How Orange County Foiled Kevin McCarthy’s Plans
Posted November 19, 2018 2:41 p.m. EST
Rep. Kevin McCarthy, the House majority leader, had hoped to become the House speaker next year. Instead, McCarthy, R-Calif., will be returning as the minority leader after Democrats seized control of the House.
No small part of the reason for this is that his 14-member California congressional delegation took a shellacking: Democrats picked up six Republican-held seats, out of seven on their target list. The latest Republican setback came Saturday, when The Associated Press declared that Gil Cisneros, a Democrat, had beaten Young Kim, a Republican.
McCarthy tried to avoid this, directing money to endangered candidates and engineering a voter initiative to repeal the state’s gas tax in a move to draw more Republicans to the polls.
But a big factor in the wipeout may be that McCarthy forced members of his delegation to, if you will, walk the plank on the Republican tax bill.
Whatever its other merits, the legislation proved costly for many California homeowners by capping the deduction for state and local taxes, which are famously high in California. Only two members of the California Republican delegation — Dana Rohrabacher and Darrell Issa, both of whom represent parts of Orange County — voted against the tax bill. Issa did not run again (he was replaced by a Democrat). Rohrabacher ran and lost.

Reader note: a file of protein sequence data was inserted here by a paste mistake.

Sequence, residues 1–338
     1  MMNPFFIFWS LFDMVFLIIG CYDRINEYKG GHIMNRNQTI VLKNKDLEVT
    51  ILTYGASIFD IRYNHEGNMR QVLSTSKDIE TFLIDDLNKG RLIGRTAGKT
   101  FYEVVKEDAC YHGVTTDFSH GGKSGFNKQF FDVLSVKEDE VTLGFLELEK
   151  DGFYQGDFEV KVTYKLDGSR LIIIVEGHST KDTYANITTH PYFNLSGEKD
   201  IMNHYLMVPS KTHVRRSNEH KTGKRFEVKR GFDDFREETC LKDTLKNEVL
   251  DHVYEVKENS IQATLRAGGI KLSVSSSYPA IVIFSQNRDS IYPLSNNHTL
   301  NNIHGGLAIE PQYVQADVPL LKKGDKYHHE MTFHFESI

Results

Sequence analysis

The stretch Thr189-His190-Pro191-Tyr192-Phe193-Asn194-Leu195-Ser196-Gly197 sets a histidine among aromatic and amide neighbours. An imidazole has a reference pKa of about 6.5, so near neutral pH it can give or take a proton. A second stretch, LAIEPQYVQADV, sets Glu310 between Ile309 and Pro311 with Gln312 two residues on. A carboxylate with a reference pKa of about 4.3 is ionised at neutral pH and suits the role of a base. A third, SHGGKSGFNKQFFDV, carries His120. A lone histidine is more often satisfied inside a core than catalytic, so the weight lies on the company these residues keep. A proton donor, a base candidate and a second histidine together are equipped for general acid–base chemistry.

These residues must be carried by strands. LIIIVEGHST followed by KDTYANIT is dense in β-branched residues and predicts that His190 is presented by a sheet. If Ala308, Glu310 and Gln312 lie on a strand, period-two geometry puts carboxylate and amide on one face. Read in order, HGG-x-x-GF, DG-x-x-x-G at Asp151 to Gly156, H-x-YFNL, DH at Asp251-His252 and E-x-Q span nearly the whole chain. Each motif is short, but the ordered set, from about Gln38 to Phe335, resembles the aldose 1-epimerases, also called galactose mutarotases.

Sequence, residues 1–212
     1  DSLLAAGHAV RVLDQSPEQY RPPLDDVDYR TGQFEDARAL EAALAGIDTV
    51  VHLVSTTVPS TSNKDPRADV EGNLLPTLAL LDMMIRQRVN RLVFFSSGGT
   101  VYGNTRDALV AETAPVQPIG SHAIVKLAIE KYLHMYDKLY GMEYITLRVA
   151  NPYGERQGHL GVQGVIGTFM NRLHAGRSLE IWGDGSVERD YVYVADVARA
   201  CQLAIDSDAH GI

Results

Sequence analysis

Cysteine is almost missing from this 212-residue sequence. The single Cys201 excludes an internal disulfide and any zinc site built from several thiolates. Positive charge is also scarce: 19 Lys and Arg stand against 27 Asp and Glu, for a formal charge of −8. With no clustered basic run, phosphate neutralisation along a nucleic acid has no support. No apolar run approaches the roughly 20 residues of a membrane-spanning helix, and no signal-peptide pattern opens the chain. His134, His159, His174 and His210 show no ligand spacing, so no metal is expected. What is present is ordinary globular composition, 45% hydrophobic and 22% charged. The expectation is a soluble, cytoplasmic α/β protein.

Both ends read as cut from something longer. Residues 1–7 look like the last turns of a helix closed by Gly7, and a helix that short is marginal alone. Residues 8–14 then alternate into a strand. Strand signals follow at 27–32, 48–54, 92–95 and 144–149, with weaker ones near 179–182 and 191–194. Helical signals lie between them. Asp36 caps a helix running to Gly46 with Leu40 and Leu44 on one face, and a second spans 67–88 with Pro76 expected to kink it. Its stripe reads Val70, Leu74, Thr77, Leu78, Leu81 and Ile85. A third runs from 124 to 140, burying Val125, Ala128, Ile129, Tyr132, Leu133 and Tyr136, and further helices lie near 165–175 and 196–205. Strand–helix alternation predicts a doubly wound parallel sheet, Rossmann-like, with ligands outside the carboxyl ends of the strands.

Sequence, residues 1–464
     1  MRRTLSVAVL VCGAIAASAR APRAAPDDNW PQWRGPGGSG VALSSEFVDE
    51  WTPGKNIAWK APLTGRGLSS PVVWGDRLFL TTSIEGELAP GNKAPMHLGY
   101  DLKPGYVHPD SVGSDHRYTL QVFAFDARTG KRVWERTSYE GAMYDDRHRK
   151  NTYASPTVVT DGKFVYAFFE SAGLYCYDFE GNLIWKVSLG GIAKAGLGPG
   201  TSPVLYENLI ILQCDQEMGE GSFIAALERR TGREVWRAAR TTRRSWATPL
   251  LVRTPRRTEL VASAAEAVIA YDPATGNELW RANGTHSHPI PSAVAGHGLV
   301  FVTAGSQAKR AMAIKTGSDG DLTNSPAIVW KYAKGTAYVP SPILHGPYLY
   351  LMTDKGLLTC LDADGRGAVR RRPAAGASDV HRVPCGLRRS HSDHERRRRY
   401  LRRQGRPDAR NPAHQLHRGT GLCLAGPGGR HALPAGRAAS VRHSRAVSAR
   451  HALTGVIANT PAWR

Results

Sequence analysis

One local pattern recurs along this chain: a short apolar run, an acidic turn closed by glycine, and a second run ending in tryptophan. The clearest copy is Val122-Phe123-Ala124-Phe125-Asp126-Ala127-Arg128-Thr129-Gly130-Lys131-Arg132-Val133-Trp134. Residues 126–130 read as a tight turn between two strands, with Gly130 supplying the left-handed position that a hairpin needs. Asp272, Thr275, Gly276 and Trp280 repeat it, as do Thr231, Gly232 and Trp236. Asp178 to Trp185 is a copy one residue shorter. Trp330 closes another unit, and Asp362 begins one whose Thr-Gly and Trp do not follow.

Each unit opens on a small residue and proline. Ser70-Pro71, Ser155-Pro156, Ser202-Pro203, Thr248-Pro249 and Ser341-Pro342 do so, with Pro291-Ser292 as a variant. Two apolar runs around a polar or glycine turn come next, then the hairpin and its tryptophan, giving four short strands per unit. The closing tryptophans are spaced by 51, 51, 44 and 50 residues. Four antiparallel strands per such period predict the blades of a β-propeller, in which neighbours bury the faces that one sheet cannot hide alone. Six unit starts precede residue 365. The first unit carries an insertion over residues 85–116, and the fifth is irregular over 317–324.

Democratic candidates like Katie Porter, who defeated Rep. Mimi Walters, an Orange County Republican, said she reminded voters at every turn that Walters had supported the tax bill.
“It’s a huge issue in the district,” Porter said over lunch a few days before Election Day. “She’s blown a $1.9 trillion hole in the deficit. People are very concerned about the cuts in Social Security and Medicare that that is going to prompt.”
Drew Godinich, a strategist for the Democratic Congressional Campaign Committee, said candidates like Porter were pressed to seize on the tax bill in speeches, advertisements and debates. They portrayed it as a Republican giveaway to corporations that would lead to cuts in Social Security and Medicare.
“Can’t underline how much that backfired on them here,” Godinich said.